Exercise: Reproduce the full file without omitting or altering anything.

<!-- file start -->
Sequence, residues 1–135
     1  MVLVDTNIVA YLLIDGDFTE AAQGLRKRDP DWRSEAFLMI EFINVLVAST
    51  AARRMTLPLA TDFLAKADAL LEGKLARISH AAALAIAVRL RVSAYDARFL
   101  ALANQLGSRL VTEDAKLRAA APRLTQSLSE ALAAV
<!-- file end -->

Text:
Sequence, residues 1–135
     1  MVLVDTNIVA YLLIDGDFTE AAQGLRKRDP DWRSEAFLMI EFINVLVAST
    51  AARRMTLPLA TDFLAKADAL LEGKLARISH AAALAIAVRL RVSAYDARFL
   101  ALANQLGSRL VTEDAKLRAA APRLTQSLSE ALAAV